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High petrol imports fail to douse fuel queues across states

Up to a million tonnes of petrol is been shipped into Nigeria from Europe monthly compared to roughly 700,000 tonnes imported last October but petrol…

Up to a million tonnes of petrol is been shipped into Nigeria from Europe monthly compared to roughly 700,000 tonnes imported last October but petrol queues get longer in many states across the country.

The Nigerian National Petroleum Corporation (NNPC) has been working overtime to replenish petrol depots following shortages and queues that popped up across the nation in December.

The NNPC during the week confirmed that it has programmed to bring in two cargoes of petrol per day for the rest of February 2018 to boost supply.

The measure, the corporation said, was part of efforts to keep the country wet with petrol and eradicate the fuel queues that have resurfaced in some cities.

According to its spokesman Ndu Ughamadu each of the two cargoes is 50 million litres, making a total of 100 million litres that will be brought in per day for the rest of February to increase supply and replenish strategic reserves.

Also to enhance supply, he said 45 million litres of petrol was discharged from ships into jetties across the country yesterday.

According to Ughamadu, prior to the fresh 45 million litres discharge, there was 324 million litres of petrol on land and 432 million litres in marine storage making a total of 756 million litres, enough to last for 22 days at 35 million daily consumption rate. 

The corporation assured that with the measures in place, the fuel queues being experienced in some cities would soon be a thing of the past.

Despite the high volume of petrol imports, insufficient supply has continued to compel many fuel stations across the states to ration the product thereby causing queue of vehicles at retail stations to linger.

Records of daily PMS truck out to Abuja and environs showed that PMS supply to retail outlets have been fluctuating since January. In the last one week, daily PMS truck out has average 101 trucks compared to roughly 140 trucks supplied sometime late January.

Minister of Finance, Mrs. Kemi Adeosun a fortnight ago said NNPC was importing fuel at a higher price than it was selling, adding that the loss on the importation of PMS was being borne by NNPC and therefore indirectly being borne by all Nigerians.

However, checks by our correspondents across the country showed that only Abuja and Lagos filling stations sell the product at the official government approved price of N145 per litre.

In Oyo State, our reporter observed that filling stations sell PMS between N180 and N200 per litre depending on the area where the filling station is situated.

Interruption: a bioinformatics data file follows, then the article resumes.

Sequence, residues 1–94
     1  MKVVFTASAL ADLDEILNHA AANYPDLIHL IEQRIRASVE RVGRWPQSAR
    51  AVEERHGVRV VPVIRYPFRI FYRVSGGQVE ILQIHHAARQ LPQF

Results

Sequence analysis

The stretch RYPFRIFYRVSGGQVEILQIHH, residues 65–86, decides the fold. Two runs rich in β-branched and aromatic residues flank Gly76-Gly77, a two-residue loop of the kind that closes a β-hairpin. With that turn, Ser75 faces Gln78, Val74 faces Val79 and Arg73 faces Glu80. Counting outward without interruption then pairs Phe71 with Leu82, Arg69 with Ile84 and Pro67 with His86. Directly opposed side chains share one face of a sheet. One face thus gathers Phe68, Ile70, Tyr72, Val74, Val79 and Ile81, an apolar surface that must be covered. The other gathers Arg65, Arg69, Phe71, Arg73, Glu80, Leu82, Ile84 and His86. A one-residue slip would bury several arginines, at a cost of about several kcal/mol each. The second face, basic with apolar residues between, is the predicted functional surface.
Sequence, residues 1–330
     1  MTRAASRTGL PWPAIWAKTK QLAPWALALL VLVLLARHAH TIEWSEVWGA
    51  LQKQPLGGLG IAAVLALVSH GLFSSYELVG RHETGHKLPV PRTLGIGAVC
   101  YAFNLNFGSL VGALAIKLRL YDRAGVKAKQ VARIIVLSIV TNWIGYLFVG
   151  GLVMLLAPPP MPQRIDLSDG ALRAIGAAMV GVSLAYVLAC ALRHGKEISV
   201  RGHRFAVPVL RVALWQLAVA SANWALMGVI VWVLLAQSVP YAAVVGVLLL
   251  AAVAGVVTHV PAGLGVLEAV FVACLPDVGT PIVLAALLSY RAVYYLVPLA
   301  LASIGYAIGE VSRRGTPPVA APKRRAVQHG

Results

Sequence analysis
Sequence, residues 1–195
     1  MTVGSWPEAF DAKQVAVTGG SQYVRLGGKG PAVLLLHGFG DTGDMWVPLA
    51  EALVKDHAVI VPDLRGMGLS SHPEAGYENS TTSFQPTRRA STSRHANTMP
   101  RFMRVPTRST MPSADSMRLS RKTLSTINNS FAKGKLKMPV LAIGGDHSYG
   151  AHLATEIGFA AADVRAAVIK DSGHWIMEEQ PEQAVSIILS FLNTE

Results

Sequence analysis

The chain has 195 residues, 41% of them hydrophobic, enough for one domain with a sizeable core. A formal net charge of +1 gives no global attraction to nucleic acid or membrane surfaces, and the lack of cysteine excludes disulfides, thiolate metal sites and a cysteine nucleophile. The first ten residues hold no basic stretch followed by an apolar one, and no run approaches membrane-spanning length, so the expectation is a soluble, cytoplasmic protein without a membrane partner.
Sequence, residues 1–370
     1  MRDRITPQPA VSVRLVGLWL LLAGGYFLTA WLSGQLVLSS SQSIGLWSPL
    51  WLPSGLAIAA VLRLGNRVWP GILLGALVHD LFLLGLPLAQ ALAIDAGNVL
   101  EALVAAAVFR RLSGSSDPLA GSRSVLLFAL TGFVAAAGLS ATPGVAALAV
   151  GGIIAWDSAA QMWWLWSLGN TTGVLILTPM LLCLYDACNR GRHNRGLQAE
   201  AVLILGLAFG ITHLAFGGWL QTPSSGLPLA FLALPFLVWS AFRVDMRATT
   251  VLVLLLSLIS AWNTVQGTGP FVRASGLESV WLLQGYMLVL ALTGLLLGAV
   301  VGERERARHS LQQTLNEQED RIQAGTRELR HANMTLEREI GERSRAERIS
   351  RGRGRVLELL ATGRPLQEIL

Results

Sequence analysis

A commercial driver, Tunji Badmus, who spoke with Daily Trust in Ibadan described buying of fuel as a difficult pill to swallow.

He lamented that even with the increment in the transportation fare commercial drivers were at the receiving end, as many were not making enough money to take them home.

In Kano, our reporter who went round to observe the situation in the city found that only a few filling stations were dispensing the product at N145 per liter.

Some vehicle owners who spoke to Daily Trust blamed the lingering fuel crisis on the inability of the Department of Petroleum Resources (DPR) to efficiently regulate the activities of independent petroleum marketers in the city.

Awalu Ibrahim Kofar Nasarawa, a motorist said that most of the filling stations in Kano metropolis have fuel but they deliberately refuse to sell in the day but later sell around 2am at unofficial price of between N225 and N230 per liter.

Kano State chairman of the Independent Petroleum Marketers Association of Nigeria (IPMAN) Alhaji Bashir Dan’Malam assured the public that the fuel crisis will soon be over, adding that all registered marketers in Kano have been allocated 2 trucks daily with a view to making the commodity available.

In Sokoto, checks by our correspondent revealed that apart from A.A Rano and the NNPC Mega station along Gusau Road, other filling stations were dispensing fuel at prices ranging from N200 to N215 per liter, particularly the ones owned by independent marketers.

When contacted, the Zonal Comptroller of the DPR, Alhaji Mohammed Makera said he had deployed his men to enforce government approved price in their catchment areas.

“On Tuesday, alone we sealed seven filling stations, five in Sokoto and two in Kebbi and we will continue enforcing the price until all the filling stations comply,” he said.

Our reporter in Lagos observed that fuel price at filling stations in Lagos metropolis remained at N145 per litre but the Lagos State chapter of the Independent Petroleum Marketers Association (IPMAN) lamented members’ inability to get supply from private depot owners as some of them have hiked their retail prices.

Its chairman Alhaji Alanamu Balogun, said “There is no improvement yet. We are still where we were three weeks ago in terms of supply. Right now, the private depots that get supplies from NNPC are selling above ex-depot price. Some of them are selling at N155 and N160 per litre.”

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